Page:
Deschutes water bank gets more water to farmers, but not as much as initially thought

Date:
May 24, 2022
Deschutes water bank gets more water to farmers, but not as much as initially thought

Central Oregon Irrigation District patrons will 'sell' 90 acres of water to the North Unit Irrigation District this year. Initial targets were for 1,200 acres

A much-anticipated water bank designed to help Jefferson County farmers is underway, just not to the scale that everyone involved had initially hoped.

Patrons from the Central Oregon Irrigation District will this year set aside 90 acres of land to lie fallow, with the water that would have gone to those acres now diverted to the North Unit Irrigation District.

The water bank was set up to help commercial crop farmers and livestock producers in drought-stricken Jefferson County, where water allotments have been slashed to 25% of normal this year. The project will essentially shift water away from Central Oregon Irrigation District patrons who do not need their water this year into a bank of water for use by North Unit patrons. Both irrigation districts have water rights in the Deschutes River Basin, but the Central Oregon Irrigation District has senior water rights, meaning less is available in low-water years to junior rightsholders such as the North Unit Irrigation District.

While water bank facilitators are pleased to get the project off the ground, there was hope for stronger participation in the inaugural year. Around 150 water users expressed interest in giving up their water for use by North Unit farmers in Jefferson County, but only 17 were found to be eligible to participate in the program.

Prior to starting up the project, the Deschutes River Conservancy, the nonprofit organization that is helping to facilitate the project, had a target of putting 1,200 acres into the water bank project.

“We were encouraged with the level of interest in the program (but) a bit disappointed with the final acres that could participate,” said Kate Fitzpatrick, the conservancy’s executive director.

Central Oregon Irrigation District landowners will receive $100 per acre that they don’t water, paid by the North Unit Irrigation District. The North Unit district will also need to pay $25 per acre to the Central Oregon Irrigation District for administering the program, making the total cost to North Unit $125 per acre.

One problem preventing more people from getting onboard was Oregon’s beneficial use policy. Under Oregon water law, water rights must be used once every five years. If water users choose not to use that water on the land, instream leasing through the Oregon Water Resources Department qualifies as a year of beneficial use. However, enrolling in the water bank pilot project does not qualify for a year of beneficial use.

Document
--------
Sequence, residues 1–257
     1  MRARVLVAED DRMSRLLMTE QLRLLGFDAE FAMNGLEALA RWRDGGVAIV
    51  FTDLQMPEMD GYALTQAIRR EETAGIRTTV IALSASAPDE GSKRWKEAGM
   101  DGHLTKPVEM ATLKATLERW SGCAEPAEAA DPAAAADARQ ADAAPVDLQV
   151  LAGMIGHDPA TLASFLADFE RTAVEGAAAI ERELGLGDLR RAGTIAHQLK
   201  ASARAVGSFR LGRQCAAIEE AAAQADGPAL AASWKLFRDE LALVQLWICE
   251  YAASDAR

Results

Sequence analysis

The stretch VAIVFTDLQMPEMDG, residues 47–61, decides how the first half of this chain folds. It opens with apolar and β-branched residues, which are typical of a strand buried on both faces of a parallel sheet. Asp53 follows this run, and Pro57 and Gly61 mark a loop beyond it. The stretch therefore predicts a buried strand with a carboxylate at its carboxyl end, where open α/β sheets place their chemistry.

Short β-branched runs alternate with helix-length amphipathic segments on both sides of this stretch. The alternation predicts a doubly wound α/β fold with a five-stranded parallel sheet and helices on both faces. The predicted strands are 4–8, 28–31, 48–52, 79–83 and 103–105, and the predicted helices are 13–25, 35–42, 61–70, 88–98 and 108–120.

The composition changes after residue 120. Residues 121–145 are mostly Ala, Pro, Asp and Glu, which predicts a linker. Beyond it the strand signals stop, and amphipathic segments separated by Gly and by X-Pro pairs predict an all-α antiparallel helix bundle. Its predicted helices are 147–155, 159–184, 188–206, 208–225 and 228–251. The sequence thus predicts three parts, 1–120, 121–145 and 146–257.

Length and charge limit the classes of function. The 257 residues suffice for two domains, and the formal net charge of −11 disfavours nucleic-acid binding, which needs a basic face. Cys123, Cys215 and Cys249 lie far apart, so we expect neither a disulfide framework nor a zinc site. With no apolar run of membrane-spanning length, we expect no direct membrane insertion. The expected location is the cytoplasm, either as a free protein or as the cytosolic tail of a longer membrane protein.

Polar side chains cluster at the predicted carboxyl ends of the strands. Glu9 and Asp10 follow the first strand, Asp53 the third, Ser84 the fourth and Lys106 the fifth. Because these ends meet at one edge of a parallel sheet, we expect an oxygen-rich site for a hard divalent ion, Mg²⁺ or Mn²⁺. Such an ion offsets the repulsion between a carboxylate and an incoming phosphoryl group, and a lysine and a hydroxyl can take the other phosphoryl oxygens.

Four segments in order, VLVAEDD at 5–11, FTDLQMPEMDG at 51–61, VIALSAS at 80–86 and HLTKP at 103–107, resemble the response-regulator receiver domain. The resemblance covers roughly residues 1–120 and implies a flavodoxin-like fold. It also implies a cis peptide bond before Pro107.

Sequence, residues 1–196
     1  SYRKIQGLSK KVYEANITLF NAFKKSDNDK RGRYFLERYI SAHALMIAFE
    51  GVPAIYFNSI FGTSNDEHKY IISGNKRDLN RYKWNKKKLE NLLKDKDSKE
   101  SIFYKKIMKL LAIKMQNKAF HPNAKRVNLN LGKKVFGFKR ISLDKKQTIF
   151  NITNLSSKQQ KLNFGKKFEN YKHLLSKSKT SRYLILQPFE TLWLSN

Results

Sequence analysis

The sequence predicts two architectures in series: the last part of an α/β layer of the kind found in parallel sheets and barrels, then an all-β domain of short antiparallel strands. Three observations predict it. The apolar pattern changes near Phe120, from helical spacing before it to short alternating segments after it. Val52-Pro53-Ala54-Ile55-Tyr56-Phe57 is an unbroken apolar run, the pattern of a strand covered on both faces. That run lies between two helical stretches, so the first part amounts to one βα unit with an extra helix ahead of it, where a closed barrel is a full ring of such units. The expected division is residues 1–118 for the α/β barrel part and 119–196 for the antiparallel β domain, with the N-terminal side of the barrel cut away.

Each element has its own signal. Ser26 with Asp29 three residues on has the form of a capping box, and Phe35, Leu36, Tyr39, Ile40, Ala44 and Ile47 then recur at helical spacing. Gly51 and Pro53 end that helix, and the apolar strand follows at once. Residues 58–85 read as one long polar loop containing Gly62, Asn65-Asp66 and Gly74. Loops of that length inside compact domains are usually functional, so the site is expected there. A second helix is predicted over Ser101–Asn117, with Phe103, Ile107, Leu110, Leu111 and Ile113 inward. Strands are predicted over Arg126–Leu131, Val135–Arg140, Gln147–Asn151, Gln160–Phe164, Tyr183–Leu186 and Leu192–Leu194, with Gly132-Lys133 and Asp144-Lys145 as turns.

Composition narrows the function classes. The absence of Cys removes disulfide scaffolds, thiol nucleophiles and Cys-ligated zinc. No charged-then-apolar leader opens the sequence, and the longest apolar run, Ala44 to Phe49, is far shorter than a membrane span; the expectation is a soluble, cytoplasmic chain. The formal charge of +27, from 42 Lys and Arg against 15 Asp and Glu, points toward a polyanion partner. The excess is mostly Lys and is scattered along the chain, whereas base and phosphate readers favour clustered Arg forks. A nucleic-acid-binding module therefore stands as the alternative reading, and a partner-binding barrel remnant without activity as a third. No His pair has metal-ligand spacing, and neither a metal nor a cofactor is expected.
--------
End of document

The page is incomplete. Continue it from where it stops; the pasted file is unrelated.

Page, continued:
“Any acres that needed to prove up on beneficial use were asked to enroll in the instream leasing program instead if they weren’t going to use the water on the land,” said Fitzpatrick. “This ensures that the irrigation district protects the water rights within the district.”

Fitzpatrick said there may be ways in the future to make participation in the water bank pilot program also count as beneficial use, which could also expand participation.

A second problem encountered by project organizers was related to logistics and operational issues, mostly related to water users sharing a common point of delivery from a district irrigation canal.

“In some cases, leasing one person’s water right can cause issues delivering water to other users. If that was the case, those acres were not eligible to participate,” she said.

As part of its research into getting more people on board, the conservancy also found that some Central Oregon Irrigation District users wanted a program that allowed them to use part of their water allocation and share the rest, in other words, to use less water on their acres. Fitzpatrick said this underscores the need for better measurement capacity within the system so water can be accurately tracked.

The setbacks created a learning experience for project organizers and expectations are for greater participation in the future. The conservancy is seeking federal funding to expand the program and fix operational issues.

“Hopefully this program gets some backing to be a bigger program, and by next year they can do a lot more. We would participate next year,” said Tommy King, treasurer of the Redmond Rod and Gun Club, which temporarily gave up some of its acres to the water bank.

For now, water from the 90 acres of Central Oregon Irrigation District land left fallow will be made available to North Unit Irrigation District. Additionally, the project will have some impact on the Deschutes River ecosystem. The North Unit will be required to release 25% of the water it gets through the project next winter into the river, helping to increase flows during the months when the river runs at its lowest level.

“Water is critical for all of us,” said Fitzpatrick. “The pressing demands moving forward, particularly with the new normal of extreme drought, will make expanding all the solutions critical. These kinds of programs, alongside district piping and on-farm efficiency, have the capacity to make real change happen.”

George Endicott, Redmond’s mayor, and a participant in the water bank project, said for those who were able to participate, there was also a measure of helping farmers in need. He normally grows field grass for animals to come on his property to graze, but he gave up most of his water rights this year to benefit North Unit farmers.

“With the drought, those guys are really hurting,” said Endicott. “We all need to be good neighbors. When it comes to farmers, they all get along and are willing to help their fellow man, so I am happy to do it".Michael Kohn

Share this post